Drawing week 03 - Fineliners and texture

The fine discovery of Skillshare

Also read Learning yourself to draw. I wanted to continue my quest of finding my own style within ink and watercolor boundaries. After the amazing discovery of Skillshare.com, I switched to using Artline fineliners. I also have some Steadlers but hardly notice any difference between different felt tip pens if they have the same thickness. I found a short course by Shirish Deshpande on drawing with ink and creating some contrast and texture. Read More »

Drawing week 02 - Art before breakfast

So ballpoint pens are useful after all

Also read Learning yourself to draw. After the illustration course, I’m not ashamed to admit I completely dropped the pencil out of the game. It creates lines easy to remove and that means I’m working on a drawing forever. I need something to commit myself to. That something is called ink. It also seems that I already have stuff to get ink on a paper: pens. Ballpoint pens. Black, blue, whatever. Read More »

Drawing week 01 - pencil illustrations

Gotta start somewhere...

Also read Learning yourself to draw. As you might already have read, I started the drawing adventure with a 10-week ‘illustrative techniques’ course. It sounds complicated but it wasn’t really: it’s more of a gentle introduction in different mediums (pencil, ink, acrylic paint, …) than a crash course in drawing techniques. I didn’t know then that to draw illustrations, you still have to be able to draw. (I’m reading “drawing at the right side of the brain” and I know better now). Read More »

Learning yourself to draw

A year of spilling lots of ink

Inspired by Noah Bradley’s Don’t go to art school blog at Medium.com. Drawing and art in general has always been something I didn’t quite grasp or try to understand. I was a software development guy, a technical guy, used to writing code, looking at text, spending days and years in text editors others call IDE’s. Software development and art aren’t that different actually: they both require an open mindset and an extreme creative approach at solving problems. Read More »

Unit testing in Legacy Projects: VB6

Thanks to the Postmodern VB6 article I’ve found on the internetz, I decided to give SimplyVBUnit a try. My job requires sporadic visual basic 6 code changes in the big legacy project we’re converting to C#. It’s an administrative system bound to Belgium laws so as you can imagine they change every few months and the old software still has to be complaint to those crazy new rules. As a result, we sometimes dabble in VB6 code. Read More »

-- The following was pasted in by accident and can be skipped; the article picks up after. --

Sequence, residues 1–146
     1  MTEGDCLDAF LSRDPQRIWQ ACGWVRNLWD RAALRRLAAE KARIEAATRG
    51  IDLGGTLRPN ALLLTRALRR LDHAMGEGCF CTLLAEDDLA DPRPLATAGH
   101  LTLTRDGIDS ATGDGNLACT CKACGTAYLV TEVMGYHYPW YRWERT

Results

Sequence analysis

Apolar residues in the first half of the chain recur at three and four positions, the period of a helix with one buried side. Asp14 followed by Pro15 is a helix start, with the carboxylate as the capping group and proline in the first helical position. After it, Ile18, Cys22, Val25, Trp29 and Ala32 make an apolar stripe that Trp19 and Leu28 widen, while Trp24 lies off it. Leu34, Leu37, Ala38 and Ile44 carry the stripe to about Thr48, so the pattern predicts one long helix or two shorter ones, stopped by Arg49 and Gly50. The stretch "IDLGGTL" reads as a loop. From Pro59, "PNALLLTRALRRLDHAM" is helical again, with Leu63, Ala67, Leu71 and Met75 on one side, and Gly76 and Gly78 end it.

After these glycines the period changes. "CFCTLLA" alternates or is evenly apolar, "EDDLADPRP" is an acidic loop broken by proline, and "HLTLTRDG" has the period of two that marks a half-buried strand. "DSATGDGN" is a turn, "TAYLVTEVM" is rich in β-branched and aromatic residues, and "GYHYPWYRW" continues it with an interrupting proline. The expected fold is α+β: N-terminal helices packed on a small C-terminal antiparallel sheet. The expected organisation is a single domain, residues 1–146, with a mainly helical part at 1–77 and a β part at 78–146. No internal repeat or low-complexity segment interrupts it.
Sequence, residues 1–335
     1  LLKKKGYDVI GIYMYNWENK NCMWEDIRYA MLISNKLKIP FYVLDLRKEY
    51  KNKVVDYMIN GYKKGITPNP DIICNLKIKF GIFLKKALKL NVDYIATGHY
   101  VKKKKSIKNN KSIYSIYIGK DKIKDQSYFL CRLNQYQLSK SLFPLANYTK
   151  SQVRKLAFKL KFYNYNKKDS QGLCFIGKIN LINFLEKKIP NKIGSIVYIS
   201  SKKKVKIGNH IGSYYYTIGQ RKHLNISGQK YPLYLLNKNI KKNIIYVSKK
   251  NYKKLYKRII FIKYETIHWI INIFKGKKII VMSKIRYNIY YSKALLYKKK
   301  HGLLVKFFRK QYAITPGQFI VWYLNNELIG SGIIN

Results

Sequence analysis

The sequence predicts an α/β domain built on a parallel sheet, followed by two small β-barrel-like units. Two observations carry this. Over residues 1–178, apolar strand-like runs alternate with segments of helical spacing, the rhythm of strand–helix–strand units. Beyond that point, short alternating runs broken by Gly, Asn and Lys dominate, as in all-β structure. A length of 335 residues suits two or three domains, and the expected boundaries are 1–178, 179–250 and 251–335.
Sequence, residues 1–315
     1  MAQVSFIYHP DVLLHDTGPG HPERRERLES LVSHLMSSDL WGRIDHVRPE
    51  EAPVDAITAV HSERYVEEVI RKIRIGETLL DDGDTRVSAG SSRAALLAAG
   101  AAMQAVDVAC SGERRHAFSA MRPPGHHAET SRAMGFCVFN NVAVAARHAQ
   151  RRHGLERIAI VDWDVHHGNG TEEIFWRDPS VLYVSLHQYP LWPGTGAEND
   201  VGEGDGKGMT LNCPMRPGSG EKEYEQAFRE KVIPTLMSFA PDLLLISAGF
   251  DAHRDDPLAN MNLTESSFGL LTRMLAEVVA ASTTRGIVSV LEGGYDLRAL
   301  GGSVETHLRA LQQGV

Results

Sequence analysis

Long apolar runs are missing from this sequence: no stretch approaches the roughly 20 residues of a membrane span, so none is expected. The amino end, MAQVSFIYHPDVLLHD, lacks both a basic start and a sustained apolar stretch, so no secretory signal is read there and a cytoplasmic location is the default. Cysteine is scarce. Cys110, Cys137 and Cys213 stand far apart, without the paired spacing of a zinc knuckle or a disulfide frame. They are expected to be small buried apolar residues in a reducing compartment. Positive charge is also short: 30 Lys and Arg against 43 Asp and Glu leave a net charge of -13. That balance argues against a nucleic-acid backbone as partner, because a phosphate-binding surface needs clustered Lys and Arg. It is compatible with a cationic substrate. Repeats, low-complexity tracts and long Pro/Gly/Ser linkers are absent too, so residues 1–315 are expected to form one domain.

Migrating from Extjs to React gradually

Migrating from Extjs to React gradually

We were looking for a few alternatives to our big ExtJS 4 application. Since it’s not that easy to completely migrate from one front-end framework to the next, a possible solution would be to start developing new parts in another framework. There’s a lot of domain logic spread in Ext views and controllers - which shouldn’t be there, we are well aware of that. Let’s call it “legacy” :-) The application right now uses Extjs as UI and C# as backend, and lets ext do the loading of the views/controllers (living in app. Read More »

Webdriver Exception Handling

What should you do when something goes wrong with your scenario tests

As the previous post indicated, we’re trying to stabilize our scenario tests created with WebDriver. One of the things we did was trying to capture as much data as possible if something goes wrong. Something like a typical ElementNotFoundException, or the less common StaleElementException (detached from DOM after evaluation) - these things can be hard to trace if you don’t run the tests locally. We also stumbled upon the “it works on my machine” problem - tests succeeding on one development machine but not on the other - mostly related due to timing issues. Read More »

Unit Testing Extjs UI with Siesta

An attempt to replace instable Webdriver tests with Siesta UI tests

WebDriver & js-heavy frameworks Writing scenario tests for javascript-heavy UI webpages can be really difficult. It gets complicated pretty quickly if you’re using a lot of async calls or a lot of javascript-heavy UI components. On our current project, we use Extjs as the UI layer in a single-page aspx page to bootstrap our Extjs app. Extjs is a (heavyweight) javascript framework for creating windows, panels, grids, buttons, menus, … like you’re used to when using client/server desktop applications. Read More »

.NET Memory management VS JVM Memory management

Increasing your maximum heap size in .NET? Tough luck.

Memory management is something to keep in mind when deploying and running applications on top of the JVM. Parameters like Xmx and Xms are things to juggle with when it comes to finding the perfect balance between too much memory hogging (at app startup) and too little, especially if you’re working with heavy duty entity mapping frameworks like Hibernate (and you’re not so good at writing fast HQL). When we bumped into an OutOfMemoryException in . Read More »

Faking domain logic

Using C# extensions to create the illusion of domain logic

Sometimes, life is just a little bit more difficult than you imagined the day before. Sometimes, you have to work on a legacy codebase with custom frameworks rooted so deeply you’re having lot’s of trouble trying to build around them. To make it a bit more concrete, here’s an example: imagine a separate DLL for interfaces and a separate DLL for the implementation. This decision was made because we use NHibernate as a data mapper and not to write beautiful domain driven design code. Read More »